Rods, Rolls & Reality on the Soča


Last year, this peculiar bunch of kayakers traded their hard boats for rubber boats and donned snorkels in search of Huchen on the Sava River. This year, they traded their paddles for fly rods—on the hunt for the Huchen’s smaller salmonid relatives: trout.

“Trout are a special kind of fish that live in healthy rivers full of rapids, oxygen and surrounded by spectacular scenery. The same kind of rivers kayakers like.”

Turns out trout and kayakers have something in common. But just because you’re familiar with the river, doesn’t mean you can catch a trout.

“If you are able to find the fish, you need to be able to get the fly to the fish. This is where it gets complicated…”

Fly fishing doesn’t start on the river, it starts at camp with a simple lesson on theory and fly tying with a side of spirits—but not too many spirits. You will have to make it to the river eventually.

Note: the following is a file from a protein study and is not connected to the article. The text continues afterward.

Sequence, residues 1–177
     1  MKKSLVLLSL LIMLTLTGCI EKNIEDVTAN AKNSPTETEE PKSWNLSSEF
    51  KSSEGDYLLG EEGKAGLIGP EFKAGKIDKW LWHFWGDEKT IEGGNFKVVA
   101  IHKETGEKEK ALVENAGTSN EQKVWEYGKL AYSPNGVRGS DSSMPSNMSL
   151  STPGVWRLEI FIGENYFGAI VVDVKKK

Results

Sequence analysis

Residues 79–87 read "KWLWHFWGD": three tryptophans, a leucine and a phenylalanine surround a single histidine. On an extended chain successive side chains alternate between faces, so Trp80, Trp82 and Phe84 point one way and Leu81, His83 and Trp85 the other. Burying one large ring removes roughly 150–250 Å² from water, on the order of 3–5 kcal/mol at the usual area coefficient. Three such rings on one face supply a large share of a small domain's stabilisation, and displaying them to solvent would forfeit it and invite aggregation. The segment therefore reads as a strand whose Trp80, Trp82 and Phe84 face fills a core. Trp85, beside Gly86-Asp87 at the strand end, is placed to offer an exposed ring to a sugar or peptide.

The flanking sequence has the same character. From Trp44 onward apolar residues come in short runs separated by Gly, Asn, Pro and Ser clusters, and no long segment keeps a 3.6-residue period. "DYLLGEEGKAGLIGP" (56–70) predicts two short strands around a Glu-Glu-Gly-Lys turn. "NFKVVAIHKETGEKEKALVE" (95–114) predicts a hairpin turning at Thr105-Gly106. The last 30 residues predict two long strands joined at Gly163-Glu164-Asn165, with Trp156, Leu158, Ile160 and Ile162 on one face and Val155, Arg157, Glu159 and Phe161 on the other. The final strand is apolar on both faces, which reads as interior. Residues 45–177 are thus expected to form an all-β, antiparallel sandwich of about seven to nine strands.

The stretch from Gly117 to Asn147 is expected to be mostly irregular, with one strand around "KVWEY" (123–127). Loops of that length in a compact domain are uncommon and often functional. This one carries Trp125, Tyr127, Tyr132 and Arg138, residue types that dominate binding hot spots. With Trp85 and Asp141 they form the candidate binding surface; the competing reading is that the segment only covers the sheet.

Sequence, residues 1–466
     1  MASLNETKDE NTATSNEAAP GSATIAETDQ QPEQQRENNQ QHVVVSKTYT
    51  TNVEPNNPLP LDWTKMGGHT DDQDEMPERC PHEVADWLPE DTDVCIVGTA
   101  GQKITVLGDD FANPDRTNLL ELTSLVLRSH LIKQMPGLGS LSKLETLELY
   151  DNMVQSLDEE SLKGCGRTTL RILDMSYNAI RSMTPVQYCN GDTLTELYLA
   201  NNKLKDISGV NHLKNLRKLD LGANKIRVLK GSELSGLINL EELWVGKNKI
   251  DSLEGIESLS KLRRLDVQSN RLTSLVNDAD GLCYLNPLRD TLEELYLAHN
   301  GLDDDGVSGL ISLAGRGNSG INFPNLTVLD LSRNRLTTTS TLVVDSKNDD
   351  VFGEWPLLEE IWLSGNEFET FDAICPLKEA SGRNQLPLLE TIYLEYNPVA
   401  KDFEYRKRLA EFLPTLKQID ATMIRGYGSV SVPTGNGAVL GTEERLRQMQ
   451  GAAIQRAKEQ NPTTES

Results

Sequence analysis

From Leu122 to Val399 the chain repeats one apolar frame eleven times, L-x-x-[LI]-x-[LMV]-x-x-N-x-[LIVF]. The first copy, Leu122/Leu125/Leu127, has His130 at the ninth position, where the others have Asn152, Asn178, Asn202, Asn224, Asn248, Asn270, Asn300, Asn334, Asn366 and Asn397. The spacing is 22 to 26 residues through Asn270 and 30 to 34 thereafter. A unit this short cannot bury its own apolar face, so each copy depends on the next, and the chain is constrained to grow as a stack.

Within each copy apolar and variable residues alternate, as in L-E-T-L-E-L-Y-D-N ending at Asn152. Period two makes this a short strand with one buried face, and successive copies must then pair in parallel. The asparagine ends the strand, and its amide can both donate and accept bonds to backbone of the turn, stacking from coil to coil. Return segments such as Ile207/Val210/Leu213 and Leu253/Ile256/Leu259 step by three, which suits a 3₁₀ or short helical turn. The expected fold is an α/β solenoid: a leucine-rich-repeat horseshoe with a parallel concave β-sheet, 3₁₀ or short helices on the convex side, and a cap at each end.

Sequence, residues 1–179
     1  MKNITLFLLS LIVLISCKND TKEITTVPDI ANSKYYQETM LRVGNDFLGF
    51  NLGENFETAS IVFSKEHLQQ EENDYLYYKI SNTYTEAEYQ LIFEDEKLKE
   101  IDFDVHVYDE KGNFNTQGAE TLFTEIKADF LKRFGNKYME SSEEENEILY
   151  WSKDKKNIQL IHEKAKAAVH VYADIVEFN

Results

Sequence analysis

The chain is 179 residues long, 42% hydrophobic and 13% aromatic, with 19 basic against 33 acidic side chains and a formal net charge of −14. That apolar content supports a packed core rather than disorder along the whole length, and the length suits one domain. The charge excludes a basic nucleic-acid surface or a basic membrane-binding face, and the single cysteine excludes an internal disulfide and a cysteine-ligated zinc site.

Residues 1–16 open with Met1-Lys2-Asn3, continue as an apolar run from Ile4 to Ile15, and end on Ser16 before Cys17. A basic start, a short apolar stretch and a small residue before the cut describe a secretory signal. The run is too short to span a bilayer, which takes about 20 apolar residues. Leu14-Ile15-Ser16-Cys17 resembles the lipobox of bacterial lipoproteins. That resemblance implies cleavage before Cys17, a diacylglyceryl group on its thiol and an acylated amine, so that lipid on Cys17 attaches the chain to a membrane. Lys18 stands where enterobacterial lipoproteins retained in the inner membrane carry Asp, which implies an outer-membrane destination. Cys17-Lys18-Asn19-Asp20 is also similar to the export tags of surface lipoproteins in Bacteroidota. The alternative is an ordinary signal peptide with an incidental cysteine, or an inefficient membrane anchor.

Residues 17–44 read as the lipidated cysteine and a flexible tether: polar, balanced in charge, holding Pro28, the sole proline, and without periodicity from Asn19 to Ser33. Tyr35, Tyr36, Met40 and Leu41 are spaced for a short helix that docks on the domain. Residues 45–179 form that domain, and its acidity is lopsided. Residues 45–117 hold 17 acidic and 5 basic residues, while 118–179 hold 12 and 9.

“Although it might be difficult to pass on hard-earned knowledge, it is the right thing to do.”

There are masters and then there are eager beavers. The first time you hold a wild trout in your hands is unforgettable. Plus it gives the masters a chance to teach the newbies about species preservation. In the Soča, if you net a marble trout, it should be released but rainbow trout can leave the river and provide dinner.

This mini-series is brought to you by Balkan River Defence. Shot on location on Slovenia’s Soča River in hopes of better educating the public on why free-flowing rivers matter and to prove that conservation is anything but boring.